Michael Stanley's mobile home sits in the heart of a city demolition zone. But he's not going anywhere.
As crews Tuesday began razing the first of 50-some crumbling units in the Walden Pond Mobile Home Park, Stanley watched with relief as the heavy machinery turned trailers across from his home into metal toothpicks.
"It already looks like a war zone, so how is this going to be any worse?" he said. "It's just good to see some improvement."
Stanley, 50, a retired electrician, is one of a handful of residents still living in the dilapidated park off Oelsner Drive, just west of U.S. 19, and soon his mobile home will be one of the few left standing. About 10 units still have either owners or renters living in them and will be spared in the city-mandated cleanup.
The demolition came after months of wrangling between city officials and the park owner, Walden Pond LLC, which sent letters to residents in July telling them the park was closing and they had to leave.
Walden Pond managing partner Paul Beraquit has told the City Council that residents had stopped paying rent and his partnership tried to close the park for financial reasons. City officials said the park failed to follow proper eviction procedures. Some residents stayed, some left, and looters began tearing up empty units for scrap.
Stanley stayed behind because he owns his mobile home and it can't be moved from its concrete slab. He bought it 10 years ago and shares it with his 6-year-old son, Kody.
"It's the only home my son has ever known," Stanley said. "I've not been made an offer that is anywhere close to fair. I'm not asking for anything more than what's fair."
In the meantime, the park owners removed a Dumpster from the property, resulting in the accumulation of a fetid heap that city crews removed in September, at a cost of about $2,000.
The deteriorating conditions brought city code enforcement officer Liz Nichols to Walden Pond about three times a day to monitor the park and write numerous citations. New Port Richey Police Chief James Steffens also told council members that he had to increase patrols at the park dramatically to fight crime.
"I am really happy to see this day," Nichols said Tuesday at the demolition site.
During several hearings, an appalled City Council blasted Beraquit for allowing the conditions to deteriorate. The council offered to allow Walden Pond to conduct its own demolition, but the owners refused to sign a deal to reimburse the city for its costs at the park. So the council voted to hire its own contractor to raze the condemned units, then send Walden Pond the bill.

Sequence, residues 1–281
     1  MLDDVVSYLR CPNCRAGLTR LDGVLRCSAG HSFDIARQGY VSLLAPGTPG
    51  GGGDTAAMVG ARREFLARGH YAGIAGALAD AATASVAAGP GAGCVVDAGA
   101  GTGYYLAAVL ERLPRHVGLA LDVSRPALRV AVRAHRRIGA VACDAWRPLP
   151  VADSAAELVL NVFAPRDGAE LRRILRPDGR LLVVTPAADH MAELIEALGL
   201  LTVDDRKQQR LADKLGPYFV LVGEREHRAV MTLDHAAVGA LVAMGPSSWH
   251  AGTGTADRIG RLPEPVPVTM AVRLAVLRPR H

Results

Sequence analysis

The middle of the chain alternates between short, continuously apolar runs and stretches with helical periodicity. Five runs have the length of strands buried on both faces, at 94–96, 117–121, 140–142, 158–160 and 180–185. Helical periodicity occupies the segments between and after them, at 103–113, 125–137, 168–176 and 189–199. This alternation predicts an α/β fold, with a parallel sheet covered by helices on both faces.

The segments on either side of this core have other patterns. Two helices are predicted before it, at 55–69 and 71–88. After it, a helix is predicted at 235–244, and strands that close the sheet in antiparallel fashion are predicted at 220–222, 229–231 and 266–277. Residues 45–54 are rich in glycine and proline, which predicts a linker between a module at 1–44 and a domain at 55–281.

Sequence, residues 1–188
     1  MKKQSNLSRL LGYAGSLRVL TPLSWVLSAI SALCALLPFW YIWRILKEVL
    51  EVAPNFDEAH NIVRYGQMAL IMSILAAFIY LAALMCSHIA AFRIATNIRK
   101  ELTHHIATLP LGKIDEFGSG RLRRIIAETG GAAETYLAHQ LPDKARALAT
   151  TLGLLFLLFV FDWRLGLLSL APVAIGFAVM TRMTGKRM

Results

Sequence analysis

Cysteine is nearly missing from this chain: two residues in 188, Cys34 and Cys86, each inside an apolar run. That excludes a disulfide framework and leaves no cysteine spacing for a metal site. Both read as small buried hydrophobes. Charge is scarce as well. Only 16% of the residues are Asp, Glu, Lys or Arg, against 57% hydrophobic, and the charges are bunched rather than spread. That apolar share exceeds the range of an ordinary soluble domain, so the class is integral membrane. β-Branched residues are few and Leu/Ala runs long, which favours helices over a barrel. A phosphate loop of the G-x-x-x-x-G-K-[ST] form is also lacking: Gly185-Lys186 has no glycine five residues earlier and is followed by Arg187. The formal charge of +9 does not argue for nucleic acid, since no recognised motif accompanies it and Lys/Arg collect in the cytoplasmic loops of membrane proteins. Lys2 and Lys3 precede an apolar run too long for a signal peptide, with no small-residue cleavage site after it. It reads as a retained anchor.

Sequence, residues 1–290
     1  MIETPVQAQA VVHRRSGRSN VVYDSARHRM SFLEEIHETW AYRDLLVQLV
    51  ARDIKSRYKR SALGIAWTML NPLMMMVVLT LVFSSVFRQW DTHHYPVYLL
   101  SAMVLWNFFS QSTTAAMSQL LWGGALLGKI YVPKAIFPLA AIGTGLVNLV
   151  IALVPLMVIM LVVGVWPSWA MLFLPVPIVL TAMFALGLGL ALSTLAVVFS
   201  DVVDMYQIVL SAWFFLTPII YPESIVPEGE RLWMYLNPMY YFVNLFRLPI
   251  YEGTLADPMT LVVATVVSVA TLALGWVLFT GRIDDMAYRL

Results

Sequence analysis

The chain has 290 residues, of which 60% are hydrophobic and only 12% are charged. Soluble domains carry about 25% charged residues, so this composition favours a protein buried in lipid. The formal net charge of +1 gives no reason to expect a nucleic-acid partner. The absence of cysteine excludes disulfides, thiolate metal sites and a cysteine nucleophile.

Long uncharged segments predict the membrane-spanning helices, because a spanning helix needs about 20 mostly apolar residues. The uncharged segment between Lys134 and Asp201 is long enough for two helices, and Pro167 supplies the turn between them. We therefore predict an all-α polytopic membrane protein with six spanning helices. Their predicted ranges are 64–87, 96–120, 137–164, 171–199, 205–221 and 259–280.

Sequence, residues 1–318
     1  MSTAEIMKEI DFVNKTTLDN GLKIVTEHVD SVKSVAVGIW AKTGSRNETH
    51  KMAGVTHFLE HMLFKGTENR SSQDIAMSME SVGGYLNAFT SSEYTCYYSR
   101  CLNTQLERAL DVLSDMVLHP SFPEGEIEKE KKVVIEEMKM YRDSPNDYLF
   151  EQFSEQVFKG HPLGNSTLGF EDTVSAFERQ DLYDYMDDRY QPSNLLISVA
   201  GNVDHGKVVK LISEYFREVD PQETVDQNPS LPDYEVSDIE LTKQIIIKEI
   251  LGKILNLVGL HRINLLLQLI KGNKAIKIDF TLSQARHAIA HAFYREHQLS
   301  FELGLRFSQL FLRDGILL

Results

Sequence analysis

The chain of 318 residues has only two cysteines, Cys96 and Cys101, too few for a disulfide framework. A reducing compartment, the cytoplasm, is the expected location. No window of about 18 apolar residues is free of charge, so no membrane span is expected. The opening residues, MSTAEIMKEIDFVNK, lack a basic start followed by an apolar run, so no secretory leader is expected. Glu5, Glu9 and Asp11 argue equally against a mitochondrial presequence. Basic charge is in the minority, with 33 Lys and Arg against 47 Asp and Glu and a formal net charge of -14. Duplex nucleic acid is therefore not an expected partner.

Last week, Beraquit made one last plea for his company to handle the demolition itself. The council voted him down.
After the hearing, he said Walden Pond may sue the city for what he called a "terrorist intervention."
"Why are they using taxpayers' money to do this?" Beraquit said. "Most people walk away from things like this, turn their back. We didn't go anywhere. It makes no sense. We're here. We're ready to do it."
It's unclear what the final tab will be, but the city is spending about $60,000 on the demolition alone. Walden Pond also owes more than $25,000 for unpaid water bills and trash pickup. If Walden Pond doesn't pay, the city could place a lien on the property.
Crews hope to finish the demolition and cleanup of the park by Thanksgiving, according to Joseph Matissek, owner of SC Signature Construction, the contractor hired by the city to complete the project.
Two units have asbestos, Matissek said. They will be taken to a separate landfill that can accept asbestos.
He said although the Florida Department of Environmental Protection ruled air quality testing was not needed during the project, it's being done anyway as crews tear down the units. The city is paying a separate contractor to monitor the air.
"We still have people living here. So it's best for them, it's best for us, and it's best for the city that it's monitored. It's about safety for everyone involved," Matissek said.